Related publication: Tan TH*, Malik-Garbi M*, Abu-Shah E*, Li J, Sharma A, MacKintosh FC, Keren K, Schmidt CF and Fakhri N, (2018) “Self-organized stress patterns drive state transitions in actin cortices.Science Advances, 4(6), p.eaar2847.

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Turbulent dynamics in membrane signaling

Starfish oocyte membrane exhibits Rho spiral wave dynamics when the GEF protein is over-expressed. Using phase and topological analysis, we showed that the membrane Rho spiral wave dynamics can be understood as interactions between topological defects in the phase field. These tools could be extended to the study of excitable spiral dynamics in neuronal systems and cardiac arrhythmia. Recent studies have also revealed the importance of topological defects in collective multicellular behaviors, implying that topological aspects of biological systems could have functional importance.

Related publication: Tan TH*, Liu J*, Miller PW*, Tekant M, Dunkel J, and Fakhri N, (2020) “Topological turbulence in the membrane of a living cell.Nature Physics. [PDF]

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Probing cellular energetics via irreversibility

Cellular structures constantly consume and dissipate energy on a variety of spatiotemporal scales in order to function. Their inherent multi-scale nature makes it challenging to unravel the mechanisms underlying the observed nonequilibrium activity. By analyzing probe particles embedded in the starfish oocyte cortex and using a multi-scale irreversibility metric, we extract model-independent estimates of the time-scales of energy dissipation. We further demonstrate that the irreversibility measure maintains a monotonic relationship with the underlying biological nonequilibrium activity. More generally, this irreversibility metric can be used to identify activity time scales in various biological systems.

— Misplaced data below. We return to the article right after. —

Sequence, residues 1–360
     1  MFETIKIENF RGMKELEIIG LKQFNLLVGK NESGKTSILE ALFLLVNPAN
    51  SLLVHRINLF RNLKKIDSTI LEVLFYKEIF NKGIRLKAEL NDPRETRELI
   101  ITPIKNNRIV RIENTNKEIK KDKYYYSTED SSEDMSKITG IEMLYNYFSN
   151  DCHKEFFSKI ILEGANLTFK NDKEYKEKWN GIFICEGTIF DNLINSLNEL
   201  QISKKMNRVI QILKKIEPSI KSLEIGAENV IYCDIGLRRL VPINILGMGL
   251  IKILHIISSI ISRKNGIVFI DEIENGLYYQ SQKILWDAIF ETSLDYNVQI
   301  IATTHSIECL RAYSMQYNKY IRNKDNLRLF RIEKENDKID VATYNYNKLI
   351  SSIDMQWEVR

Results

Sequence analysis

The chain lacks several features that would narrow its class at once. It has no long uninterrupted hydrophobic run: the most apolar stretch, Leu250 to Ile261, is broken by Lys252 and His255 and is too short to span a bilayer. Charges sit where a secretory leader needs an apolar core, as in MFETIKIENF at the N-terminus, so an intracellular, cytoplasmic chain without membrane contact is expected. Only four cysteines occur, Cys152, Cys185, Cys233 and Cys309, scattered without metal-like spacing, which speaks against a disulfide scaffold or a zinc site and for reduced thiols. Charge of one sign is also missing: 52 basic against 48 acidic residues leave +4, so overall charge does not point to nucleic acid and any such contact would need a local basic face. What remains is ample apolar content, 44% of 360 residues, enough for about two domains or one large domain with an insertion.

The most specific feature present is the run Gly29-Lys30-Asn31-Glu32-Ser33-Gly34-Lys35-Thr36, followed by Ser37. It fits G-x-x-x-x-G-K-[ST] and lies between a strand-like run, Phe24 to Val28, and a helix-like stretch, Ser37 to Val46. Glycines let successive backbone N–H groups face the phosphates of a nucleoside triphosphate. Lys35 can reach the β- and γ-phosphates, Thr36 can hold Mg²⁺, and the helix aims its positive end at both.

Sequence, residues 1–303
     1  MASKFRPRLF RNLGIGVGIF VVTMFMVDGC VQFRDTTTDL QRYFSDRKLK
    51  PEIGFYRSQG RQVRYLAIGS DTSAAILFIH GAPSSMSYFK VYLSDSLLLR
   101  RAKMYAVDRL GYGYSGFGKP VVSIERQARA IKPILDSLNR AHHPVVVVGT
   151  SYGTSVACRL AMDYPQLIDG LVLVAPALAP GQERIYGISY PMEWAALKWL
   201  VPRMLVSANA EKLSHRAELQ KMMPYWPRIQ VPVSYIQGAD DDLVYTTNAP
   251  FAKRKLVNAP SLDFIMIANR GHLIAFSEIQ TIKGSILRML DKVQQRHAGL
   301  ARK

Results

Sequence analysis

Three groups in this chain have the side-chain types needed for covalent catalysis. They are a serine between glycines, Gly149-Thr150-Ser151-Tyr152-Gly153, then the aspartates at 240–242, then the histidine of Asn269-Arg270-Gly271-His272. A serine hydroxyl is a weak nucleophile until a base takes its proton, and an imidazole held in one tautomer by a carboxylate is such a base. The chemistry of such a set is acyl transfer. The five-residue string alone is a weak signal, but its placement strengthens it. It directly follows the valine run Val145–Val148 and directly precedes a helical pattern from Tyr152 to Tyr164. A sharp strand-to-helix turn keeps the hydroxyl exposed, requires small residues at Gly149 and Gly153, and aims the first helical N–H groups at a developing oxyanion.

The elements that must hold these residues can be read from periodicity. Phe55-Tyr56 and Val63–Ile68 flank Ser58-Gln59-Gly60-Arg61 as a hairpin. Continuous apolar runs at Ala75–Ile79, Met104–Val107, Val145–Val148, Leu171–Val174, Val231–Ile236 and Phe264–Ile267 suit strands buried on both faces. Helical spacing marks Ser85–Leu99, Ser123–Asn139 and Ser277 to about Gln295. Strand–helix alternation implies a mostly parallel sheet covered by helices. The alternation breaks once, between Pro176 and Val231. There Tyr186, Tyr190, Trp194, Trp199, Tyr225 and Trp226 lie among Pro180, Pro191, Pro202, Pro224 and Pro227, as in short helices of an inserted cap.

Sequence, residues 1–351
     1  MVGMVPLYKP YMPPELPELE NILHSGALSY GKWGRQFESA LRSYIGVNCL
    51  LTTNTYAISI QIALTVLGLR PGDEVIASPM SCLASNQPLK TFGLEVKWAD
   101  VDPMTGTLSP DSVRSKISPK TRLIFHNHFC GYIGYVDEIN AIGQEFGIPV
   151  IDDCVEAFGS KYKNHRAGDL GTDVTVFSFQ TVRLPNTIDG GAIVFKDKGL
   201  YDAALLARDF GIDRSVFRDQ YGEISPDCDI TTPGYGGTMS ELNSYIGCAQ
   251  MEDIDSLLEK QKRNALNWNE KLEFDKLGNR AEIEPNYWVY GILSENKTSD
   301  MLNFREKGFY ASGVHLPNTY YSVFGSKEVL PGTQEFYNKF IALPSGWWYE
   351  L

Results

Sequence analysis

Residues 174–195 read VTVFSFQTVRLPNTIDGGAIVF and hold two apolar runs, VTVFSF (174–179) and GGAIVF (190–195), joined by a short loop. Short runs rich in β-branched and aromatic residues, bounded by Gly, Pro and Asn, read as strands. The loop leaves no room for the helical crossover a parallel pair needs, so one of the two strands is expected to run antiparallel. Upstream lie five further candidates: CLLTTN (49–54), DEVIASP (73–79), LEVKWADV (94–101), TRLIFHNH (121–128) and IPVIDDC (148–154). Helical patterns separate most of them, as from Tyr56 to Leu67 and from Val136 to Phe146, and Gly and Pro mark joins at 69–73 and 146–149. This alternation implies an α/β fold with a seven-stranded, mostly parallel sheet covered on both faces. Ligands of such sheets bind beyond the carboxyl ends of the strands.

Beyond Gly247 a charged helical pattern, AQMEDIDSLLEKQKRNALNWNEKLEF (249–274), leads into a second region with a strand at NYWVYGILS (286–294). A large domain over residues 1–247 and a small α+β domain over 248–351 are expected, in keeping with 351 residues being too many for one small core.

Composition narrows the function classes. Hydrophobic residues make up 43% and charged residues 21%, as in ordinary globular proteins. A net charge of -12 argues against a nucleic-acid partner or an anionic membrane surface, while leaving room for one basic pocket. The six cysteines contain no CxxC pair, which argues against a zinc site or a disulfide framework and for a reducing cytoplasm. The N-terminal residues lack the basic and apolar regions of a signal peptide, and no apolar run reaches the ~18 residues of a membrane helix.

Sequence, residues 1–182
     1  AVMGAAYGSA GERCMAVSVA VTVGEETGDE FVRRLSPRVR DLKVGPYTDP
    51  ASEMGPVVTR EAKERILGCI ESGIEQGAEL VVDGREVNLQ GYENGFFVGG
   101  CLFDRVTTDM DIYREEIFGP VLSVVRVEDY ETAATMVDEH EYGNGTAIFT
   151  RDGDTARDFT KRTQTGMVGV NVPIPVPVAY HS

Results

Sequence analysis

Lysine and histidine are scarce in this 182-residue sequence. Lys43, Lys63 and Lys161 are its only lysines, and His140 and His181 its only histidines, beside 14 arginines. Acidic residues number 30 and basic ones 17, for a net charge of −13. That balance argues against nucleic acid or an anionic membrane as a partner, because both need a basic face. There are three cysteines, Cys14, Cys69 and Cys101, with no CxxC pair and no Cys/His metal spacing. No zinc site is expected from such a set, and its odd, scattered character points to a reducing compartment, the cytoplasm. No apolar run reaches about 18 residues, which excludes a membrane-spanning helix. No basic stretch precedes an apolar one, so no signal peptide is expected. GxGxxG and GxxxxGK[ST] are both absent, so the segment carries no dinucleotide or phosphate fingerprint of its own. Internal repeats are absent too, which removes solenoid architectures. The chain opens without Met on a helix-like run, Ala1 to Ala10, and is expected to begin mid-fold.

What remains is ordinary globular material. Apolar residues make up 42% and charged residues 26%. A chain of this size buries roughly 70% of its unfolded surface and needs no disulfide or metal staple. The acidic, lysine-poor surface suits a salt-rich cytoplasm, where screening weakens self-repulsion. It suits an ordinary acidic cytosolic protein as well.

Related publication: Tan TH*, Watson GA*, Chao YC*, Gingrich TR, Horowitz JM, and Fakhri N “Scale-dependent irreversibility in living matter.Submitted.

"Run-and-tumble" in plant roots

Plant roots exhibit nontrivial architecture to optimize absorption of nutrients and water. During my undergraduate in the Cohen lab, I studied the role of mechanics in plant root gravitropism. By imaging the Medicago truncatula primary root morphology growing on different tilt angles and applying tools from statistical mechanics, I showed that plant roots navigate their environment using a strategy similar to that used by the bacteria E. Coli. Essentially, the plants switch their growth direction more frequently and towards the downhill direction at a rate proportional to the angle between the root tip and the direction of gravity. This ‘grow-and-switch’ mechanism explains the different root patterns such as coiling and waving. These results suggest a method for controlling root architecture to enhance agricultural crop yields. More generally, these results speak to the subtle interplay between root biology and mechanics that produces the amazing morphologies roots create as they grow.

Related publication: Tan TH, Silverberg JL, Floss DS, Harrison MJ, Henley CL and Cohen I, (2015) “How grow-and-switch gravitropism generates root coiling and root waving growth responses in Medicago truncatula.Proceedings of the National Academy of Sciences, 112(42), pp.12938-12943. | See also research highlight in Nature Physics 11 (2015) and Cornell Chronicle report.